Authors: Richard Beigel and William Gasarch
Abstract: We examine the problem of coloring part of a k-colorable graph, while not knowing the rest of it. To illustrate some of our concepts, we describe a somewhat whimsical scenario, which we call the Mapmaker's Dilemma.
Picture a 12th-century mapmaker who is given a map of Europe and the countries adjacent to Europe, and is told to 4-color the European countries in a manner that is consistent with some coloring of the entire world. Unfortunately, Asia has not yet been explored. He cannot expect to find a consistent coloring given incomplete information, but the people must have their maps colored, so he colors Europe based on the information at hand. The world is small, and he does not have anything else to do, so this takes negligible time. From time to time, he receive reports from explorers of newly discovered countries and their neighbors. (This is a relatively peaceful time, so countries and borders do not disappear from the map.) This new information may invalidate his 4-coloring of Europe, so that he has to recolor it, at great cost to his publisher. Four-color photocopying is a novelty that few can afford; therefore he hopes, through some cleverness, to minimize the number of times he has to recolor the map of Europe.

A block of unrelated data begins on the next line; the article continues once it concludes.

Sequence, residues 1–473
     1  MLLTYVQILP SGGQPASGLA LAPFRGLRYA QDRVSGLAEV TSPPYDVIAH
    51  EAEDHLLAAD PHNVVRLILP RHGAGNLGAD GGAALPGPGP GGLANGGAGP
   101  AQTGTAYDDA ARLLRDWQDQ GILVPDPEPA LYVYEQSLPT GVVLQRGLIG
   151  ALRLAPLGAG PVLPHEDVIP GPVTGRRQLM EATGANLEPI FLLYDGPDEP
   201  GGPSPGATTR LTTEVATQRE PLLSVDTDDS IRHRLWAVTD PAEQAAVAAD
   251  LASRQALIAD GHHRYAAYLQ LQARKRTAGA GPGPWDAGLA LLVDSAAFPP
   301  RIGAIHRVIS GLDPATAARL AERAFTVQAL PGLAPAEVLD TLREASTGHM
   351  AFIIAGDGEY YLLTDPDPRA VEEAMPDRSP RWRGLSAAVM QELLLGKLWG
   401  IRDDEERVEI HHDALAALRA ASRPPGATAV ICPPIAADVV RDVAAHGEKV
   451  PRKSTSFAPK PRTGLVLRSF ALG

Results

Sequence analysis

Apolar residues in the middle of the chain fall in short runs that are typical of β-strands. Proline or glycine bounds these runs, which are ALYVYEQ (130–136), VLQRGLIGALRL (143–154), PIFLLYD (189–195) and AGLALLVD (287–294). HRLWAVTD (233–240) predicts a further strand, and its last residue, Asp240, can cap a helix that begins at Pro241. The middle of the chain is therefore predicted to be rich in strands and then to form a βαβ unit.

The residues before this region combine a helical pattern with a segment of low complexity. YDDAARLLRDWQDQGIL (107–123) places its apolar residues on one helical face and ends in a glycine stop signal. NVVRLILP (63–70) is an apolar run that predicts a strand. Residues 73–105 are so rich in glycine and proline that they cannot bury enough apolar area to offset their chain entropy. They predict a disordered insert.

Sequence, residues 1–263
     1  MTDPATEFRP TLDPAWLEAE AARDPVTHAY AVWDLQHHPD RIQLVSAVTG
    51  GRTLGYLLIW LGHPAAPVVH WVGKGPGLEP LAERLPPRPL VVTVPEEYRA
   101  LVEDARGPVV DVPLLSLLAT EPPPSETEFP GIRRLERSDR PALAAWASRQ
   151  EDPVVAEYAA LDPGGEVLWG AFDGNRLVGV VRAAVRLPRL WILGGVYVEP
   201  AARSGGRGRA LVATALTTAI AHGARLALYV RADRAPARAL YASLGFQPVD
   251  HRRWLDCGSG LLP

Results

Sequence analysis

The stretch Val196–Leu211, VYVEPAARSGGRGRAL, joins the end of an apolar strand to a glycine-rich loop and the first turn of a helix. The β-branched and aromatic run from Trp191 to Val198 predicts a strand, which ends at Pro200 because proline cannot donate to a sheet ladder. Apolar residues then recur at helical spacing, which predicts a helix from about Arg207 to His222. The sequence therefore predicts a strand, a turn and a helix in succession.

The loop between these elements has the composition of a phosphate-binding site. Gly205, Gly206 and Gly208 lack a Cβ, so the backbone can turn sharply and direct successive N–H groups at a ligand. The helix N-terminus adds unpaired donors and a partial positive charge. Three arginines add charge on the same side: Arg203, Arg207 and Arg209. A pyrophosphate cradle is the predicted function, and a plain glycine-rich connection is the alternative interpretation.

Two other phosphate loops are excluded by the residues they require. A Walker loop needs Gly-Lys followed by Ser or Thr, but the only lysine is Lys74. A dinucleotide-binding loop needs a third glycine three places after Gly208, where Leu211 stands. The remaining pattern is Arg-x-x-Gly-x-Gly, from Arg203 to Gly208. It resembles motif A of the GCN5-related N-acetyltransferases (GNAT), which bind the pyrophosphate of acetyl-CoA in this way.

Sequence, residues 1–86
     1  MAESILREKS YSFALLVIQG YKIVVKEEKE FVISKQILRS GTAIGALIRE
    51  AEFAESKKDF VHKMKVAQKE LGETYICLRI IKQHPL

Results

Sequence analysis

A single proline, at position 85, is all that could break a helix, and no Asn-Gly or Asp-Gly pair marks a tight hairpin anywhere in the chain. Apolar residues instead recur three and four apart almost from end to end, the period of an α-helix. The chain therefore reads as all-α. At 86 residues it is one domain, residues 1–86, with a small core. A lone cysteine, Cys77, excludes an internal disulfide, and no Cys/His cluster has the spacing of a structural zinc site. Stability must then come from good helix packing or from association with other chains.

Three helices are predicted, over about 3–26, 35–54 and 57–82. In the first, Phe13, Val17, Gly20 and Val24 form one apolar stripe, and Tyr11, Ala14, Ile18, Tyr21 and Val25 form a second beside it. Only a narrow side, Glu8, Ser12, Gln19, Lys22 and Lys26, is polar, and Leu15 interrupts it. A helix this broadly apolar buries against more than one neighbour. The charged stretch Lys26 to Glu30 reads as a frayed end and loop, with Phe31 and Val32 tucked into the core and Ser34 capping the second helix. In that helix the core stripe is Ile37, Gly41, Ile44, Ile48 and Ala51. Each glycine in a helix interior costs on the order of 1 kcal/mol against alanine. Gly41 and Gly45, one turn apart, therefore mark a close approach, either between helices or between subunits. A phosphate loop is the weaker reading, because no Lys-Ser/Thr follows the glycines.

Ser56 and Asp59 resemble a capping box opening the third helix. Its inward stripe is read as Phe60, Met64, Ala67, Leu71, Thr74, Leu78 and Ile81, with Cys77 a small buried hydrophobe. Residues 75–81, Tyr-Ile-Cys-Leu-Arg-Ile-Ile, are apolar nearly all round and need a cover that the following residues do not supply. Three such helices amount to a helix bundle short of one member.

We study a problem similar to that of the mapmaker. In particular, we study the problem of coloring a subgraph H of a k-colorable graph G, where G is given to us only a little at a time.
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